Additional Studies on Concussions in Soccer and Other Sports

Over the years, more studies analyzed the rates of concussions among youth athletes (under age 18) and adult athletes (18 years and older). Let’s first look at young athletes under the age of 18. 

Young athletes, including soccer players, are at a higher risk for sustaining concussions and suffering long-term effects from them compared to adult athletes. Remember, young brains are still growing and therefore, more susceptible to chronic brain injury. 

Looking at a study published by Complete Concussion Management (CCM), the following concussion rates were discovered:

  1. Rugby (4.18/1,000 AE)
  2. Ice hockey (1.20/1,000 AE)
  3. American football (0.53/1,000 AE)
  4. Lacrosse (0.24/1,000 AE)
  5. Soccer (0.23/1,000 AE)
  6. Wrestling (0.17/1,000 AE)
  7. Basketball (0.13/1,000 AE)
  8. Softball & field hockey (0.10/1,000 AE)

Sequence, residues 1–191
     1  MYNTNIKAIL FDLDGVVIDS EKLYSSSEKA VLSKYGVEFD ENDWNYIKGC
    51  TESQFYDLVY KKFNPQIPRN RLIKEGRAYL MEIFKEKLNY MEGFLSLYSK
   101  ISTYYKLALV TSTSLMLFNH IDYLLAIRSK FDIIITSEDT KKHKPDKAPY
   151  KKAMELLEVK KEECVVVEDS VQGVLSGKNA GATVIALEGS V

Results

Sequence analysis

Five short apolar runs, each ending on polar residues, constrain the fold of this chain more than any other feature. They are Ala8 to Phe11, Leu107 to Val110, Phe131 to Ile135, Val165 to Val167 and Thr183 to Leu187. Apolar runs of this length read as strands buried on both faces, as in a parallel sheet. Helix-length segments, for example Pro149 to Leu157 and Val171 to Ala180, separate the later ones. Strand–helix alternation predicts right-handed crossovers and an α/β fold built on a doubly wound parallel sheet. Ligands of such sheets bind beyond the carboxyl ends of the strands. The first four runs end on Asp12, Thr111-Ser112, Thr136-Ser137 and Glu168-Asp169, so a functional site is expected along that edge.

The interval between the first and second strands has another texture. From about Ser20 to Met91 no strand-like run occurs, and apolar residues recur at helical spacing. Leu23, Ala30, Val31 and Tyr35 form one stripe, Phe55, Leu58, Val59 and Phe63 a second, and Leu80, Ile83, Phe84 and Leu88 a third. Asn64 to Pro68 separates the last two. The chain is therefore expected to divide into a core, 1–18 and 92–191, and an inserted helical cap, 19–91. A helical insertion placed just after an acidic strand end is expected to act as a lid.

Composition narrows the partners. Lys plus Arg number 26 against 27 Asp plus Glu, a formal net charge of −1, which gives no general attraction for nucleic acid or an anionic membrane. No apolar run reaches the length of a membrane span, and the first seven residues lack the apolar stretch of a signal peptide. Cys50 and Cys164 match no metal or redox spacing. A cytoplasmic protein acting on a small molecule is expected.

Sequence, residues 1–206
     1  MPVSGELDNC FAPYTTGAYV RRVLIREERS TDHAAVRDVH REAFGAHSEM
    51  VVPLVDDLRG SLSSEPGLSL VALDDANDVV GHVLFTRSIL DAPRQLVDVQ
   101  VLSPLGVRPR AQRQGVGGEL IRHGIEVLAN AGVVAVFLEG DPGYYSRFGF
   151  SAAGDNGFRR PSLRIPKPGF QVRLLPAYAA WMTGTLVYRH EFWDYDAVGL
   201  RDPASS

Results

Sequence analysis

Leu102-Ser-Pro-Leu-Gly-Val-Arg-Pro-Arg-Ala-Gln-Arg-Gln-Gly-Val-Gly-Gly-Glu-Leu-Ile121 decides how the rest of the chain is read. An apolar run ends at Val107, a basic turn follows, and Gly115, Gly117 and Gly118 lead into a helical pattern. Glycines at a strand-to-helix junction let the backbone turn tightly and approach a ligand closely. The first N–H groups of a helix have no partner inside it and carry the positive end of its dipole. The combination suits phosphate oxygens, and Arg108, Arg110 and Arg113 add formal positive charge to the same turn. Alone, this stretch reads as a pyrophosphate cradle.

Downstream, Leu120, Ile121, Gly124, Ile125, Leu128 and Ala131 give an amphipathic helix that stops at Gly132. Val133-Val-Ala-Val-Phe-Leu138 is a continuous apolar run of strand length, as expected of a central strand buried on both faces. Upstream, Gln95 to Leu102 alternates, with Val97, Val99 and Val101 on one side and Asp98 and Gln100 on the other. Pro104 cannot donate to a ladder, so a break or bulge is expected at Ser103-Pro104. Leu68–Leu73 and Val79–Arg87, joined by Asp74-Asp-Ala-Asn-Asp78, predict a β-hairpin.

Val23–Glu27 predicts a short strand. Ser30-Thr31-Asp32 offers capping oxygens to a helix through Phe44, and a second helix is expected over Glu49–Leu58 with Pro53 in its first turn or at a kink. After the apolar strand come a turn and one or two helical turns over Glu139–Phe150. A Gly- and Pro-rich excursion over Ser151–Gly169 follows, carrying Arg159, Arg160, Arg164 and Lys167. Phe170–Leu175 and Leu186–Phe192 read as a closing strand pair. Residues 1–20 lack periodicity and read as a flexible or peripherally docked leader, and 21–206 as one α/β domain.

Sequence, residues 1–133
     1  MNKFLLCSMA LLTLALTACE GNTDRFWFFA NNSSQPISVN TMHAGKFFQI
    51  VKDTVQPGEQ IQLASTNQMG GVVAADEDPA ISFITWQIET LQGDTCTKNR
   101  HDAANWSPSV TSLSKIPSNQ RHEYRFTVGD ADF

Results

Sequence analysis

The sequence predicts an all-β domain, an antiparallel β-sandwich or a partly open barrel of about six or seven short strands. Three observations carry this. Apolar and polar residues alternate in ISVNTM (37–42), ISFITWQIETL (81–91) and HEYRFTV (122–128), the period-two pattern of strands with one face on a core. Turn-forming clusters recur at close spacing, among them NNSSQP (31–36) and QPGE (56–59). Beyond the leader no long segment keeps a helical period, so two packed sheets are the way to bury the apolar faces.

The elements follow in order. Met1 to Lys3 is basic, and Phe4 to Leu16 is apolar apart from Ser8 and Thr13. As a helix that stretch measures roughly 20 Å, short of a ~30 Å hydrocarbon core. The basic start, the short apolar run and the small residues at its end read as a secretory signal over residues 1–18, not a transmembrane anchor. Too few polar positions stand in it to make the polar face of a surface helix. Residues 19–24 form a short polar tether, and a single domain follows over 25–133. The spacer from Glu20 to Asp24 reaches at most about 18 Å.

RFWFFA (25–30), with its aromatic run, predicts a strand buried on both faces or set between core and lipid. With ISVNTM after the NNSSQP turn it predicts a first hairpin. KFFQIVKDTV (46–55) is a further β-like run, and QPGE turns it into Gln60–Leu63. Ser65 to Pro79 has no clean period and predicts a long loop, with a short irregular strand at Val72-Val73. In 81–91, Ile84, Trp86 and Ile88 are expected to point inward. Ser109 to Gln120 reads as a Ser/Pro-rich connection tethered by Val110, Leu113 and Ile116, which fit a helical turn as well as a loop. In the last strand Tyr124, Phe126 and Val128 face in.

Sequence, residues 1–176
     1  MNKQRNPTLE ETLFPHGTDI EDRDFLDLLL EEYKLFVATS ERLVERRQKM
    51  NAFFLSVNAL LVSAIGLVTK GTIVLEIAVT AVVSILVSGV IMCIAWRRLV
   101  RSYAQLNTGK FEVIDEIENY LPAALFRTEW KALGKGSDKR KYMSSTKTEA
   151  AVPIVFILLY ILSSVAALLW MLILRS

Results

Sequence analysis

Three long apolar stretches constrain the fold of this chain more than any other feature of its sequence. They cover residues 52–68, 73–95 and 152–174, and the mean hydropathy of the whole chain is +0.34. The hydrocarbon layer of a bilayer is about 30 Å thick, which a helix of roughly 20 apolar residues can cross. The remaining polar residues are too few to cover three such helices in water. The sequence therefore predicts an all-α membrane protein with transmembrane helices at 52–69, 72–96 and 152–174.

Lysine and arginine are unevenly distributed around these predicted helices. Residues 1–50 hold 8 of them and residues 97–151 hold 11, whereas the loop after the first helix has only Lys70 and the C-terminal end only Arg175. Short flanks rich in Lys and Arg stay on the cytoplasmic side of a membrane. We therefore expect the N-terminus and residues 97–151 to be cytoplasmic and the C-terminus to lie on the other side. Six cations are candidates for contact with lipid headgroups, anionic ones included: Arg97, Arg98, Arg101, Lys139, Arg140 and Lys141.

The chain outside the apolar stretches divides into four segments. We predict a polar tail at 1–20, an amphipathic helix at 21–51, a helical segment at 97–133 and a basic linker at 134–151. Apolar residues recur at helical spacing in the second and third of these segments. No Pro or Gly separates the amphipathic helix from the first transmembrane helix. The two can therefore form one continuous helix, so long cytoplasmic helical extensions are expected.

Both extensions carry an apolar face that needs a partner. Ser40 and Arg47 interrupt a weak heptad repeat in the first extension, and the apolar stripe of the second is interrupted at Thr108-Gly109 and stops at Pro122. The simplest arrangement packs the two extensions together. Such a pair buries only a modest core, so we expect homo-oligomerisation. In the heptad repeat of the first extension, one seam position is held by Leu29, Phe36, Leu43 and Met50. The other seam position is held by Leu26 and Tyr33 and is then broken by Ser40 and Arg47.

9. Baseball (0.016/1,000 AE)
  10. Cheerleading (0.07/1,000 AE)
  11. Volleyball (0.03/1,000 AE)

    Placing 5th puts soccer in what we would consider a “moderate” risk category. Unsurprisingly, sports like rugby and football have a much higher rate of concussions. 

    The same study also analyzed injury rates among athletes 18 years and older and yielded fairly consistent results. For the adults, the results were divided into concussion rates during regular games and practice games. 

    Game Play

    1. Men's rugby match play (3.00/1,000 AE)
    2. Men’s American football (2.5/1,000 AE)
    3. Women’s ice hockey (2.27/1,000 AE)
    4. Men’s Ice hockey (1.63/1,000 AE)
    5. Women’s soccer (1.48/1,000 AE)
    6. Men’s football (or soccer) (1.07/1,000 AE)

    During practice

    1. Men's rugby (0.37/1,000 AE)
    2. Women’s ice hockey (0.31/1,000 AE)
    3. Men’s American football (0.30/1,000 AE)
    4. Women’s football (or soccer) (0.13/1,000 AE)
    5. Men’s ice hockey (0.12/1,000 AE)
    6. Men’s football (or soccer) (0.08/1,000 AE)